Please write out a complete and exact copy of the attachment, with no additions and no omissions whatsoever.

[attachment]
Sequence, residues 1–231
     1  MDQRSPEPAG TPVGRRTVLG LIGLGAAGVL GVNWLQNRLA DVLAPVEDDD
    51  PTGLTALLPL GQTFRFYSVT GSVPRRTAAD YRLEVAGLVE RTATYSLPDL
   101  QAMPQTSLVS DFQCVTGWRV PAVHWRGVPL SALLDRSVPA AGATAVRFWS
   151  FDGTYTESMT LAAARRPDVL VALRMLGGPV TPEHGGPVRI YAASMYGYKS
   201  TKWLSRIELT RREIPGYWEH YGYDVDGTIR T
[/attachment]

Sequence, residues 1–231
     1  MDQRSPEPAG TPVGRRTVLG LIGLGAAGVL GVNWLQNRLA DVLAPVEDDD
    51  PTGLTALLPL GQTFRFYSVT GSVPRRTAAD YRLEVAGLVE RTATYSLPDL
   101  QAMPQTSLVS DFQCVTGWRV PAVHWRGVPL SALLDRSVPA AGATAVRFWS
   151  FDGTYTESMT LAAARRPDVL VALRMLGGPV TPEHGGPVRI YAASMYGYKS
   201  TKWLSRIELT RREIPGYWEH YGYDVDGTIR T